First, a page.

Thibaut De Lataillade of GetApp

    We Spoke to Thibaut De Lataillade of GetApp on Being an Effective Leader During Turbulent Times

    As part of our series about the “Five Things You Need To Be A Highly Effective Leader During Turbulent Times,” we had the pleasure of interviewing Thibaut De Lataillade, GVP of GetApp.

    Thibaut De Lataillade, GetApp GVP, has more than 25 years of experience in business management, sales, and marketing under his belt. He has a proven track record in cloud, mobility, digital marketing, CRM, marketing, sales, and growth strategies. Thibaut has held managerial and executive positions at large tech companies such as Cegedim and SAP.

    Thank you so much for your time! I know that you are a very busy person. Our readers would love to get to know you a bit better. Can you tell us a bit about your back story and how you got started?

    I have quite a long career behind me as I started working in the early ’90s and had a lot of different work experiences. But the key moment in my career was moving to Arthur D. Little, a strategic consulting firm: It gave me an opportunity to cover a lot of C-level issues and learn how to address them. Strategic consulting is a career accelerator!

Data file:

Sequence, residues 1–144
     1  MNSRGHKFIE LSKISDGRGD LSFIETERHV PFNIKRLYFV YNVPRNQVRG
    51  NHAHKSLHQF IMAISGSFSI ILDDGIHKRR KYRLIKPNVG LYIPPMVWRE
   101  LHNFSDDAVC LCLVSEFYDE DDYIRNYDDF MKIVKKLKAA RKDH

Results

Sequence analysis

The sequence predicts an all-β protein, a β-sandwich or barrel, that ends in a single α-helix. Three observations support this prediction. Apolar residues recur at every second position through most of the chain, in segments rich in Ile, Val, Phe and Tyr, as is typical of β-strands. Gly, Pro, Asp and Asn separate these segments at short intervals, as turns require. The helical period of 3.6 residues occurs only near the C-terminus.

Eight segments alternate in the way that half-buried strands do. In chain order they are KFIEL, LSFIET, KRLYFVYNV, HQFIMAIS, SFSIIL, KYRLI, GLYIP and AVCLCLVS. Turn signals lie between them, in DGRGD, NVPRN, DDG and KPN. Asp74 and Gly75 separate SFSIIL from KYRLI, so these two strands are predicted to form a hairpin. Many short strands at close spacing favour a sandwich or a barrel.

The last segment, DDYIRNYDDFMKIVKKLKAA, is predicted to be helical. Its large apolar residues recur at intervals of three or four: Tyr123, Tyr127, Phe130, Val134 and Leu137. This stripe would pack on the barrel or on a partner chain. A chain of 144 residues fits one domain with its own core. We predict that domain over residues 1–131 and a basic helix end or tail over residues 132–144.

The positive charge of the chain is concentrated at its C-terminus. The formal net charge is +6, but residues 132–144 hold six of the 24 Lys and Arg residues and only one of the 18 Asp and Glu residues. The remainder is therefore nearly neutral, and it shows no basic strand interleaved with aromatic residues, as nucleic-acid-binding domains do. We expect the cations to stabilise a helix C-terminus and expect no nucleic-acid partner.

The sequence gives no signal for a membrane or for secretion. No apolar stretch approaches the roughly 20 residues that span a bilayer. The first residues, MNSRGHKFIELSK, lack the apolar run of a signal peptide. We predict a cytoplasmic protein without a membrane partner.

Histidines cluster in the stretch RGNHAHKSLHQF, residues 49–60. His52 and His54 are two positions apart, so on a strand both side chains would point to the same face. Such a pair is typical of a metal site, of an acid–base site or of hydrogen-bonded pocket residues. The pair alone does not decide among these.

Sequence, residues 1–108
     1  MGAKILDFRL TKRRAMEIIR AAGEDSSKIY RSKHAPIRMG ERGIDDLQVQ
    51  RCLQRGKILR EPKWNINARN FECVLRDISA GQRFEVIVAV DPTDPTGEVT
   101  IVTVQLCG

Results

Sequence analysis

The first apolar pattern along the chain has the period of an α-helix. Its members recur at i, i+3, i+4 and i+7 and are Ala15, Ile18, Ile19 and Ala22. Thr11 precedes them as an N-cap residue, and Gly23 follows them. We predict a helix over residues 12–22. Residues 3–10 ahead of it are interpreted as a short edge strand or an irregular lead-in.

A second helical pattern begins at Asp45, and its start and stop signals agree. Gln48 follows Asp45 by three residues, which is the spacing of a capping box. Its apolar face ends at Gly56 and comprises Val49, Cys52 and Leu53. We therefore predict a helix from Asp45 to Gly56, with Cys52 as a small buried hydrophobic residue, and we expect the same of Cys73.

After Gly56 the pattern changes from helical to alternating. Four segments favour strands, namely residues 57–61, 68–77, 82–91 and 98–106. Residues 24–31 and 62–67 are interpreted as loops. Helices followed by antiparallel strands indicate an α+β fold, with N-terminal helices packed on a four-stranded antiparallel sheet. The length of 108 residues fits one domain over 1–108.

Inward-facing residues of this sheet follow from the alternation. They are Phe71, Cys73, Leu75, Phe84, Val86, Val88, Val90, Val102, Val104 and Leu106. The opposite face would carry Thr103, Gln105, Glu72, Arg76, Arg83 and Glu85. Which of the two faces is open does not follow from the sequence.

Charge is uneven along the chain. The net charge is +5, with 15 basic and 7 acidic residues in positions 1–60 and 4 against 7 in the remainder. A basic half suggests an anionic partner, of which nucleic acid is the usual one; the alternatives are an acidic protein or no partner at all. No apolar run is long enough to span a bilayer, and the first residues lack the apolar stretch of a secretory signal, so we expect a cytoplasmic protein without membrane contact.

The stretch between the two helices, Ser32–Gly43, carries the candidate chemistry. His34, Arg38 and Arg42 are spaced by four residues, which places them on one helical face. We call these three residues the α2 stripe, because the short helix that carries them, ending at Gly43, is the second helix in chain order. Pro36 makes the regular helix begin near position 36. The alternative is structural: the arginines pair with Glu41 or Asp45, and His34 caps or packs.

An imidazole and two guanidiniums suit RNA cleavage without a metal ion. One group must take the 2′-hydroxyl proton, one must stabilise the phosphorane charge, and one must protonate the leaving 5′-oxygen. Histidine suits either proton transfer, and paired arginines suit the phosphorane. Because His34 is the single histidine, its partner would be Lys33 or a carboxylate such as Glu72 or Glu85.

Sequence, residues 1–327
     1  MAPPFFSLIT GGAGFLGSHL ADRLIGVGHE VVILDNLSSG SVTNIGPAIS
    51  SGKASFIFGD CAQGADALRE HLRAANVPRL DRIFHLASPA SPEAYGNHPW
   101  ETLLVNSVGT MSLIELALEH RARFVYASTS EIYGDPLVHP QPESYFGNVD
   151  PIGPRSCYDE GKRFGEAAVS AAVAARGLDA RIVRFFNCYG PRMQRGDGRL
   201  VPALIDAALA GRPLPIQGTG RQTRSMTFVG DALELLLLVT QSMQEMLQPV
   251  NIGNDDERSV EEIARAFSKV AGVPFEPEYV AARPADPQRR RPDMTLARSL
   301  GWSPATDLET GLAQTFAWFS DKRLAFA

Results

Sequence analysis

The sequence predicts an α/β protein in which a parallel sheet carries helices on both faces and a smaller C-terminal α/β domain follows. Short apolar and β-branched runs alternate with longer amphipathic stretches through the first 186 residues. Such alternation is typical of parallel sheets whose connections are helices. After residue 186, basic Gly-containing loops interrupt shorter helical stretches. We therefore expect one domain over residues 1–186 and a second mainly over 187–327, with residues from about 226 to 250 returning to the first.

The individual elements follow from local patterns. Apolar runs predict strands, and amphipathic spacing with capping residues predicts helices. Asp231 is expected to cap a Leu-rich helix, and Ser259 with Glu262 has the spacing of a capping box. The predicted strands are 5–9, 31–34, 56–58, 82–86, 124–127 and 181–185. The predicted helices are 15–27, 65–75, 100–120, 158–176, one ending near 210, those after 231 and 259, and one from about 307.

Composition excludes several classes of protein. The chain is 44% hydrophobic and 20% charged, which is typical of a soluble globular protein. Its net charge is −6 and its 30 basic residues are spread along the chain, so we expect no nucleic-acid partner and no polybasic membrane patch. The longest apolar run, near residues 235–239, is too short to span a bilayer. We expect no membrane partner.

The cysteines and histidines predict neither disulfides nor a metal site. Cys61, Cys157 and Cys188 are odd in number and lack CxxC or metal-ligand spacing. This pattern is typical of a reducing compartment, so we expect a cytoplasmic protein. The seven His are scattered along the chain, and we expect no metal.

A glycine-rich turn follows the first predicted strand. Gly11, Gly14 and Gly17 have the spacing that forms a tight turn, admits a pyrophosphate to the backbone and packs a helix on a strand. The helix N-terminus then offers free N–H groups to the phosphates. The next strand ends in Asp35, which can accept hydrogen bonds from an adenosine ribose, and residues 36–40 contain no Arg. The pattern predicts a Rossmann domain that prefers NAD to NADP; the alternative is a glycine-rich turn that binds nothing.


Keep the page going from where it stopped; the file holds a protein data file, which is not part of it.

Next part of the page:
After spending seven years in consulting, I decided to branch out. In 2000, I co-founded a website for healthcare professionals in France and in the U.S. We reached $1 million in revenue within the first year, which was a great success, but it was the end of the internet bubble, and we ran into some finance issues. We sold the company, and since then I have stayed in the internet / tech industry.